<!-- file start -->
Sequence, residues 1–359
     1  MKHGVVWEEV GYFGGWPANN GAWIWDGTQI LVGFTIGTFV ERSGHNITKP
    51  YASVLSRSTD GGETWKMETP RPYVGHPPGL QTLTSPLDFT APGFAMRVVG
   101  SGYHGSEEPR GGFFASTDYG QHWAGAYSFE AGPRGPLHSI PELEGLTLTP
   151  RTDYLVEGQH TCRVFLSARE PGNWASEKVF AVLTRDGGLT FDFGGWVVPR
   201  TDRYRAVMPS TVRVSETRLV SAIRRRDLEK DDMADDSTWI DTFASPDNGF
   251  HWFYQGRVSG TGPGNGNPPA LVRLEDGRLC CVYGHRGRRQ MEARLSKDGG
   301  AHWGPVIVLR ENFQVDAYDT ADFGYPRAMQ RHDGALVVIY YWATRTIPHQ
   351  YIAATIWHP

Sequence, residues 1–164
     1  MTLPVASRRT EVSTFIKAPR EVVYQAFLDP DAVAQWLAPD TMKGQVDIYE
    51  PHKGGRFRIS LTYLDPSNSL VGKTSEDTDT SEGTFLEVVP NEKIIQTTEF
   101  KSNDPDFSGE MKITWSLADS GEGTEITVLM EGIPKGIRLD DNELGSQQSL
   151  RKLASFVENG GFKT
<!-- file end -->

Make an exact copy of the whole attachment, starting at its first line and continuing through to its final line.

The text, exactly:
Sequence, residues 1–359
     1  MKHGVVWEEV GYFGGWPANN GAWIWDGTQI LVGFTIGTFV ERSGHNITKP
    51  YASVLSRSTD GGETWKMETP RPYVGHPPGL QTLTSPLDFT APGFAMRVVG
   101  SGYHGSEEPR GGFFASTDYG QHWAGAYSFE AGPRGPLHSI PELEGLTLTP
   151  RTDYLVEGQH TCRVFLSARE PGNWASEKVF AVLTRDGGLT FDFGGWVVPR
   201  TDRYRAVMPS TVRVSETRLV SAIRRRDLEK DDMADDSTWI DTFASPDNGF
   251  HWFYQGRVSG TGPGNGNPPA LVRLEDGRLC CVYGHRGRRQ MEARLSKDGG
   301  AHWGPVIVLR ENFQVDAYDT ADFGYPRAMQ RHDGALVVIY YWATRTIPHQ
   351  YIAATIWHP

Sequence, residues 1–164
     1  MTLPVASRRT EVSTFIKAPR EVVYQAFLDP DAVAQWLAPD TMKGQVDIYE
    51  PHKGGRFRIS LTYLDPSNSL VGKTSEDTDT SEGTFLEVVP NEKIIQTTEF
   101  KSNDPDFSGE MKITWSLADS GEGTEITVLM EGIPKGIRLD DNELGSQQSL
   151  RKLASFVENG GFKT